The Wonderful Wizard of Oz (1910)
Starring: Bebe Daniels, Robert Z. Leonard, Alvin Wyckoff, Hobart Bosworth, Winifred Greenwood, and Olive Cox
Director: Otis Turner
Rating: Seven of Ten Stars
Dorothy Gale (Daniels) discovers a scarecrow (Leonard) near her home is alive and aware. She unties him from the frame he's on, and he saves her, her dog Toto, and a pair of farm animals from a sudden cyclone that sweeps everyone off the strange and magical land of Oz. Here, they make new friends and enemies, including the evil witch Momba (Greenwood).
"The Wonderful Wizard of Oz" is reported to be one of four different film adaptations that were released in 1910, and it is the only one that survives to this day. The version I watched is a bit blurry and is missing both opening and closing credits/title cards, but it is in much better shape that films of more recent vintage I've sat through. It's either been restored, or film-lovers had the extra-ordinarily good luck of a copy having been kept somewhere under the exact right conditions for preservation.
Seeing that this film is almost 110 years old as I write this review, it's tricky for me to pass judgement on. For example, to my eyes, the film feels like a community theatre performance--a well-staged and elaborate community theatre performance but still at the level of community theatre--and that feeling is enhanced by the fact that the film consists entirely of static long shots with each scene framed as if it was unfolding on a stage... as well as the costumes worn by the actors playing the Cowardly Lion and the farm animals that are following Dorothy. Most of the special effects in the film are also mostly of the kind that would work well during a live stage performance, and I found myself chuckling more than I suspect the director would have liked during the scene where the cyclone spirits Dorothy, the Scarecrow, and the random farm animals following her around to Oz.
Still, this is a very entertaining film, even if I wonder about some of the choices that its writer/director made back then. At 13 minutes, this is more of an outline (or a highlight reel) of a Wizard of Oz movie than anything else, and while most of the iconic characters are here, some might have been best omitted since, to viewers with no prior knowledge of the Wizard of Oz novels, they seem to serve no purpose other than being weird for the sake of being weird. For example, Glinda the Good Witch shows up (levitating with a hilariously bad bit of wire-work), turns Toto into a giant dog that puts the Cowardly Lion in his place. Since neither Toto nor the Cowardly Lion do anything noteworthy outside this scene, and the Good Witch is never explained nor appears again in the film, the smart thing to do would have been to just omit those characters and have spent more time on the scenes in and around the castle of Momba the Evil Witch. (What we do see is some of the neatest and funniest bits in the film; I wish there had been more of it.)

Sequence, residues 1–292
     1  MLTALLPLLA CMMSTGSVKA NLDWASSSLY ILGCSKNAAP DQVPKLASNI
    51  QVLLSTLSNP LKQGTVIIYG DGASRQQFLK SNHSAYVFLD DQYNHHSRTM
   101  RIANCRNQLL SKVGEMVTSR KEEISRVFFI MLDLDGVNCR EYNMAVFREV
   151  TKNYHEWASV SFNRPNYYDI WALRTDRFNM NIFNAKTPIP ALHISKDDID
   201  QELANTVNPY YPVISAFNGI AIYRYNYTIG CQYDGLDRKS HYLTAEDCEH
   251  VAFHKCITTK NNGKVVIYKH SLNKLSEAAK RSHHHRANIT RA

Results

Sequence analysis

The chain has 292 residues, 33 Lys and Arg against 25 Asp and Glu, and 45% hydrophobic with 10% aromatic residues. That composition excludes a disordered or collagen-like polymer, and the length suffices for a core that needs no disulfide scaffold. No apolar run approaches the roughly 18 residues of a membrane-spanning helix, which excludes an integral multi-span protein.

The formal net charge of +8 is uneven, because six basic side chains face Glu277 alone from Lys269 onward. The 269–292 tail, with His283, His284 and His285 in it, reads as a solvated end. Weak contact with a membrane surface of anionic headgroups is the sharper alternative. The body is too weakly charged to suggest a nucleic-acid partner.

Another curious thing about the film is that it includes brief three song-and-dance production numbers... you know, the sort of thing you see in musicals. In a silent movie. They're fun to watch, but their presence still baffles me.
In the final analysis, this film is a bit of weirdness that I can think of three reasons you might want to check it out. First, if you're interested in early silent movies, you'll enjoy the artistry that went into making the sets, the costumes, and the special effects. Secondly, if you're a fan of the Wizard of Oz--especially the well-known 1939 film starring Judy Garland, you should see this movie, because it obviously served as a major inspiration for the costume designers 25+ years later. (The Scarecrow, the Cowardly Lion, and especially the Tin Man, all strongly resemble their counterparts in the more famous effort.) It's also fun, because of the differences that exist between it and the 1939 film... I especially liked the flying lizardmen that this film has. Finally, any lover of classic cinema needs to watch it, because it's the first starring role for Bebe Daniels, an actress who is little known today but who was a veritable superstar in the 1920s. She starred in this film at the age of 9, and it's a testimony to her talent that she first transitioned from child actor to adult roles, and then successfully made the leap to sound films in the late 1920s. Given that her overcame the obstacle that kill film careers to this very day--moving from child to adult actor in films--and her star continued to ascend through the 1930s (at which point she transitioned again to a career in radio plays), it's a shame that the passage of time has obscured her reputation. (I will make a point of seeking out more of her films to review in this space.)
Meanwhile, you can watch "The Wonderful Wizard of Oz" right here, on this blog, via this embedded YouTube video.